Child abuse survivor in vigil outside parliament while Kezia Dugdale remains in jungle

Written by Tom Freeman on 1 December 2017 in News

Campaigner Dave Sharp is raising awareness of child abuse in Dugdale protest

Dave Sharp, S.A.F.E - Tom Freeman/Holyrood

An adult survivor of child abuse is sleeping rough outside the Scottish Parliament until former Labour leader Kezia Dugdale is voted off reality TV show I’m a Celebrity Get Me Out of Here.

Dave Sharp, who was abused and raped at a Catholic residential school in Scotland as a child, said Dugdale had told him she would do everything she could to help him and other survivors of abuse and that her decision to enter the television show while the Scottish Child Abuse Inquiry was going on “hurt”.

He has pledged to remain camped outside the parliament for “the duration of the time she is taking part in a demeaning reality show in Australia for a handsome fee”.

Dave Sharp was the first person in Scotland to win compensation from a Catholic order in August for ordeals suffered at St Ninian’s residential school in Falkland when he was 10 years old.

He said he had experienced “addiction and imprisonment” in a life framed by his adverse childhood experiences.

“Given the lack of help from Scottish politicians I am particularly disappointed with Kezia Dugdale, who while still Labour leader in Scotland gave me an understanding she’d do everything she could.

“I met her at the BBC studios earlier this year and she told me that she 'had been doing everything she could and she would continue to push the Scottish government to help more survivors to come forward,’” Sharp told Holyrood.

“I’ve dealt with my anger, I forgave my abusers, but this actually hurts.”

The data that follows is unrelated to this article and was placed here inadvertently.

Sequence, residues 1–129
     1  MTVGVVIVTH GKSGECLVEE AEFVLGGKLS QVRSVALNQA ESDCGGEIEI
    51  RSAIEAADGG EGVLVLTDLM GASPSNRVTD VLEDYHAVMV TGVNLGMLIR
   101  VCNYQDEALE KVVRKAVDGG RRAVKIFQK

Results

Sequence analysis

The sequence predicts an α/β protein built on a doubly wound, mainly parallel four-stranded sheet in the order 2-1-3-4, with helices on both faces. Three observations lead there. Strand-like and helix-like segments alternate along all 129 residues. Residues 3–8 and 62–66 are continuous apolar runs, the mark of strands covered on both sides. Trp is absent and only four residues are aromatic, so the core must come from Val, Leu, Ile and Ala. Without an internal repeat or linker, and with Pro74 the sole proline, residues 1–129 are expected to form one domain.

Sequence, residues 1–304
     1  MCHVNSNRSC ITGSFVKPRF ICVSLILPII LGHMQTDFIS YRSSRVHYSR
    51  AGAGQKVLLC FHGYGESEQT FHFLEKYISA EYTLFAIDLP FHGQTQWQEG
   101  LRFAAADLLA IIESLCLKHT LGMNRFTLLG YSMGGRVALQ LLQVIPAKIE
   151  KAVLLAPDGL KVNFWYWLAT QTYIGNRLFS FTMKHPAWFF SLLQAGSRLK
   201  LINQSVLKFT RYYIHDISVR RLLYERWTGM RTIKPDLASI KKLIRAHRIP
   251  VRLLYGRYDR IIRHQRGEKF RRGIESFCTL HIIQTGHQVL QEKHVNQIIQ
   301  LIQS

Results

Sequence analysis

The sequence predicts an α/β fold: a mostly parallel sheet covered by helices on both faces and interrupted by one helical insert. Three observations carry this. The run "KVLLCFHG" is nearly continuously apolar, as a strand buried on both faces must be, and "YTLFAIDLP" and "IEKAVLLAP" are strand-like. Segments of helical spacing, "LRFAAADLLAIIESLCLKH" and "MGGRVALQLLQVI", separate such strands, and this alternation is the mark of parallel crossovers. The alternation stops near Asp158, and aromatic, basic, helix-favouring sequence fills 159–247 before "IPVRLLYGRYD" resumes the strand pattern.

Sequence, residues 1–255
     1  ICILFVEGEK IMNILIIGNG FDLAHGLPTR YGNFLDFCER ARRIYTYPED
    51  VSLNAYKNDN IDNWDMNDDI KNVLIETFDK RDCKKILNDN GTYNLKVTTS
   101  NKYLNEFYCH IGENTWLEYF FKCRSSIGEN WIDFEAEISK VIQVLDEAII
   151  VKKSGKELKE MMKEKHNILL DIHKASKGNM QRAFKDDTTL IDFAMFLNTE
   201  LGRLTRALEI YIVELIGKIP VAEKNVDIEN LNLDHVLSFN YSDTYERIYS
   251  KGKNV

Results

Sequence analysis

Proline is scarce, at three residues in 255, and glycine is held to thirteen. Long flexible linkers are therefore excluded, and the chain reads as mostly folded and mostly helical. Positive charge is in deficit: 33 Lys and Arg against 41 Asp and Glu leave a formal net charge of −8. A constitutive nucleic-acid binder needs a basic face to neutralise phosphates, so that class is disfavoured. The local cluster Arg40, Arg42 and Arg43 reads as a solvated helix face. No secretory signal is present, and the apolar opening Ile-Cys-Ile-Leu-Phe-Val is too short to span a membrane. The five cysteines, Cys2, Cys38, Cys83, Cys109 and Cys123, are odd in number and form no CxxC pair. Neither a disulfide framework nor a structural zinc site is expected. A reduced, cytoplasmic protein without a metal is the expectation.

The Scottish Child Abuse inquiry chaired by Lady Smith is currently undertaking public hearings.

Sharp said there was “no publicity whatsoever about it”, that the Scottish Government has engaged with less than one per cent of abuse survivors in Scotland ahead of the hearings and has not encouraged others to speak up.

The inquiry in Northern Ireland has seen 500 victims come forward, compared with around 300 in Scotland, he pointed out.

However during a series of public protests by Sharp, including a similar vigil during the independence referendum week in 2014 and chaining himself to a cross outside St Andrew’s cathedral in Glasgow last year, he said he had been approached by “hundreds of survivors”, including one who had travelled from Dundee this week to speak to him.

“People don’t have confidence in the politicians because there is no evidence they will be believed or looked after if they do come forward,” he said, “they’re drowning in a sea of abandonment”.

Deputy First Minister John Swinney and a number of Labour MSPs have come out to speak to Sharp this week, he said, but added it had looked like a number of SNP MSPs had avoided him.

“It felt the exact same as the Catholic church,” he said.

Speaking from Australia, Dugdale's spokesman said she "fully supports the Scottish Child Abuse Inquiry and all efforts being made to support survivors of historic abuse". ​

Labour's education secretary Iain Gray "has met with Mr Sharp a number of times," he added, "and continues to engage with him and his organisation, S.A.F.E". ​ 

“Kezia Dugdale is committed to be being an open and accessible MSP and will be hosting public advice surgeries in the Scottish Parliament for constituents following her return to Edinburgh." 




Related Articles

Brexit comparisons with heroes and anti-heroes proliferate, but the real power lies with the courts
23 September 2019

A decision is expected this week by the Supreme Court on whether it was lawful for Boris Johnson to suspend parliament

Scottish Parliament should be given powers to scrutinise future referendum questions, committee says
17 September 2019

The Delegated Powers and Law Reform Committee said that there should be legislation for referendum questions on issues of national importance

Claim that Scottish judges are biased against Brexit sparks Tory row
12 September 2019

Downing Street had to confirm its confidence in the judiciary after a source suggested MPs “chose the Scottish courts for a reason”

Suspension of parliament 'unlawful', Court of Session rules
11 September 2019

A panel of judges in Scotland’s highest civil court found that the decision to suspend was “motivated by the improper purpose of stymying Parliament”.

Share this page